Can airplanes be hacked? This question poses a real concern at a time when headlines about cybersecurity breaches are common and not just a plotline for a blockbuster movie.
The aviation sector is increasingly reliant on digital systems, encompassing everything from cockpit avionics to passenger service databases, air traffic control communications, and even the infrastructure of airports. As such, the importance of cybersecurity cannot be overstated.
While aviation has benefited from this technology in terms of efficiency and safety, there are also concerns around the vulnerability of aircraft to cyberattacks in the digital age.
The aviation industry faces a range of hacker threats that vary in complexity and potential impact. Data breaches, where cybercriminals target personal information stored by airlines and airports, are one of the most common. This data, which may include passenger names, contact information and payment details, can be used for identity theft and financial fraud.
One notable case was the 2020 easyJet data breach where approximately nine million customers were affected, and the credit card details of 2,208 people, including CVV numbers, were compromised.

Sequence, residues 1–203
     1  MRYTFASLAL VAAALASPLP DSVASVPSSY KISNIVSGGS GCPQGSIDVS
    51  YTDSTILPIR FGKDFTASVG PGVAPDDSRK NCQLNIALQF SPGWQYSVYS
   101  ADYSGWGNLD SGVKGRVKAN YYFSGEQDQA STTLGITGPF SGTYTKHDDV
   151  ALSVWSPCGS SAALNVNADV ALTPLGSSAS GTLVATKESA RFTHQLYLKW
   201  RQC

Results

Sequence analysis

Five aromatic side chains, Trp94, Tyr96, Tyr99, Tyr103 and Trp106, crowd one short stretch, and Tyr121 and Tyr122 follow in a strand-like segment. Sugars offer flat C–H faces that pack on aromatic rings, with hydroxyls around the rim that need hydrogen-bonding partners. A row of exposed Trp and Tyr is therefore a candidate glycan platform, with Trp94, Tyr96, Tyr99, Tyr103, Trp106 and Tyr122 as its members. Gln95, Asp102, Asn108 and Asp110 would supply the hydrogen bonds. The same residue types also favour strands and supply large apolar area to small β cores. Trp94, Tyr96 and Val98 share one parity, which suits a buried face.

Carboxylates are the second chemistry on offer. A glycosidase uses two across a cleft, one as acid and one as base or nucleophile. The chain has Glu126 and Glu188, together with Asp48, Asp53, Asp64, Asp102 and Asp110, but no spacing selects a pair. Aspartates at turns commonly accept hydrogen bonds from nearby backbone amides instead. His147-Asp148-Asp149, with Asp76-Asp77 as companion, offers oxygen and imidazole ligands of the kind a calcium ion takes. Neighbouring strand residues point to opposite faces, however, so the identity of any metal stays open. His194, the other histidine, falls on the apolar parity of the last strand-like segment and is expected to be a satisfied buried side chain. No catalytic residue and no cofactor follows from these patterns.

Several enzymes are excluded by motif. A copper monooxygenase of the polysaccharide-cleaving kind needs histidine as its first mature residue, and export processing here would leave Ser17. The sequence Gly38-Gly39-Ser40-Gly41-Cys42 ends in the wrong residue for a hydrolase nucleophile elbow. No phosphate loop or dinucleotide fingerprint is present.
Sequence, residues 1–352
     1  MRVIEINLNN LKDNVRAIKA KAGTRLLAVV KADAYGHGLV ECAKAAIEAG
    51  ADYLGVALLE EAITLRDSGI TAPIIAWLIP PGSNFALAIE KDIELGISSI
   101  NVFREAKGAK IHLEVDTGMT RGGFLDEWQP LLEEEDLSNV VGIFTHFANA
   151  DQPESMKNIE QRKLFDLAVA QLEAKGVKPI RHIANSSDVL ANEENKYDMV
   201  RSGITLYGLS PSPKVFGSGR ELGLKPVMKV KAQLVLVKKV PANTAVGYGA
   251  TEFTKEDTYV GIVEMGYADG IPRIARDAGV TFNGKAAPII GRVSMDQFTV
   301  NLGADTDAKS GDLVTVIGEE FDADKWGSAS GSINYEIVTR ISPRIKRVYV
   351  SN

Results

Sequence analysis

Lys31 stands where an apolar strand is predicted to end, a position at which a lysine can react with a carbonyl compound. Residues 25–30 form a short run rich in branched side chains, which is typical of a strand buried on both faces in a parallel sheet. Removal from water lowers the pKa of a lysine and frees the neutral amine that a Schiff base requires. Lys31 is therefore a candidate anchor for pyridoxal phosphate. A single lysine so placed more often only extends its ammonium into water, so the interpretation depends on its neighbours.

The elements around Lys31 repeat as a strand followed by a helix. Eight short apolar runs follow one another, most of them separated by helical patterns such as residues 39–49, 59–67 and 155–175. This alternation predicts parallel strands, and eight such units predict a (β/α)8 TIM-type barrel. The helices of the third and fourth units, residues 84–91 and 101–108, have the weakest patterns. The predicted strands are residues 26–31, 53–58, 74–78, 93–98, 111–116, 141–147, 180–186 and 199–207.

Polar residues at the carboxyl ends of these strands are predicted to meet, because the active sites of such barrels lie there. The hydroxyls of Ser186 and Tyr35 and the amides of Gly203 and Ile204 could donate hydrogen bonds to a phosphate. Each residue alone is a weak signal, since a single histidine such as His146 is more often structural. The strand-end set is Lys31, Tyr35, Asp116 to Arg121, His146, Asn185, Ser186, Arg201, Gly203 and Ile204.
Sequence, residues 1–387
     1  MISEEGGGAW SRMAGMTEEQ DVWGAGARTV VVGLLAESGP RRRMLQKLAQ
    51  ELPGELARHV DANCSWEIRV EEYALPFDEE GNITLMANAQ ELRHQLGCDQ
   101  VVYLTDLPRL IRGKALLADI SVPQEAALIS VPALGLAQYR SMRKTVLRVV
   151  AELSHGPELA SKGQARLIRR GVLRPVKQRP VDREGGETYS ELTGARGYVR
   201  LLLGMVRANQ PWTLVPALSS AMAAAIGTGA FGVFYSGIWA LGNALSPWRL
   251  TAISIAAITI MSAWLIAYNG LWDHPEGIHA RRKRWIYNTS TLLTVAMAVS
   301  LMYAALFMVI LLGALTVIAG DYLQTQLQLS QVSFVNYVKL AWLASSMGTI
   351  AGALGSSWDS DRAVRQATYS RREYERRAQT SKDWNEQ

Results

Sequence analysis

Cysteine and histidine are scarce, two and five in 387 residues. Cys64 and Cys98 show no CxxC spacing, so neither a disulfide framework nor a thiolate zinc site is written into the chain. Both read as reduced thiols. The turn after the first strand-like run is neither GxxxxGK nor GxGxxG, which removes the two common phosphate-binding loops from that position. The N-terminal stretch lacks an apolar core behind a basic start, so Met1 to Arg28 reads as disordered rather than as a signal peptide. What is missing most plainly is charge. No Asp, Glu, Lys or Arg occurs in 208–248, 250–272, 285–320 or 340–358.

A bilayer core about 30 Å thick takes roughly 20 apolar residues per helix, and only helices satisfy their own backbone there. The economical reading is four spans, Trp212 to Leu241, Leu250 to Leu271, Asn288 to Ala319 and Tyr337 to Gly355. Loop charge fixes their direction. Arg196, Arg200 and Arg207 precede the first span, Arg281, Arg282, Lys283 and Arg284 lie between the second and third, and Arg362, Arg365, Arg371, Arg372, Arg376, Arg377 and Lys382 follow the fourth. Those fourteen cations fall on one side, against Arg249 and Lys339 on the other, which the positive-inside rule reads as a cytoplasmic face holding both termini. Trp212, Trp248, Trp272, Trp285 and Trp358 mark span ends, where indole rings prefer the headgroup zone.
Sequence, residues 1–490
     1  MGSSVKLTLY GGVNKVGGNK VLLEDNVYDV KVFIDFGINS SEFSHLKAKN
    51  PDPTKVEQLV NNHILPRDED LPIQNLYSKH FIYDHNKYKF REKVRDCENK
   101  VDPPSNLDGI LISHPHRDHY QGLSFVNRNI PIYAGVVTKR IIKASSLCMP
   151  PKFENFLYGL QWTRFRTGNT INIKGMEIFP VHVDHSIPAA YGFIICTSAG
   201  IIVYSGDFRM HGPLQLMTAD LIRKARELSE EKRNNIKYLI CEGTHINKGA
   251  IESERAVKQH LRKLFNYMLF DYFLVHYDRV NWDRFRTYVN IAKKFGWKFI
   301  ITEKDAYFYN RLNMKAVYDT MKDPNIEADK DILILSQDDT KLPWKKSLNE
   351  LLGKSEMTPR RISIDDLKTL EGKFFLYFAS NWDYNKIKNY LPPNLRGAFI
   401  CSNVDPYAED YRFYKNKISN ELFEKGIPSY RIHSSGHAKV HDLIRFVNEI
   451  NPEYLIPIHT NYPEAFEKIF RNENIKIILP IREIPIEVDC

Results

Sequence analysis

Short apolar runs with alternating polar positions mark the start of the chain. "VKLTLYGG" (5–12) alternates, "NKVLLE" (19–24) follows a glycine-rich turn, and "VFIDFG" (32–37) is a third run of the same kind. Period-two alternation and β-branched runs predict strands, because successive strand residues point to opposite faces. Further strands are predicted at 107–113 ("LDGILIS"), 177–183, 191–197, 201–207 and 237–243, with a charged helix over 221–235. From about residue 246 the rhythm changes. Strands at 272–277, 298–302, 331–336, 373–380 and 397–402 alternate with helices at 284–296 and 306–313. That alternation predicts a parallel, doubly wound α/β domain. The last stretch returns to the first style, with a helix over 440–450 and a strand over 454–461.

The incident, considered a sophisticated cyberattack, occurred between October 17, 2019, and March 4, 2020. easyJet disclosed the attack publicly in May 2020 and customers were warned of the risk of phishing attacks using the stolen data.
When making the news public, the airline told the BBC that an investigation suggested hackers were targeting “company intellectual property” rather than attempting to steal customer data.
Following the breach, there were reports of credit card fraud, and a class-action lawsuit worth £18 billion ($22 million) was filed against the airline. However, in November 2023 it was reported that the United Kingdom’s Information Commissioner’s Office (ICO) had abandoned the…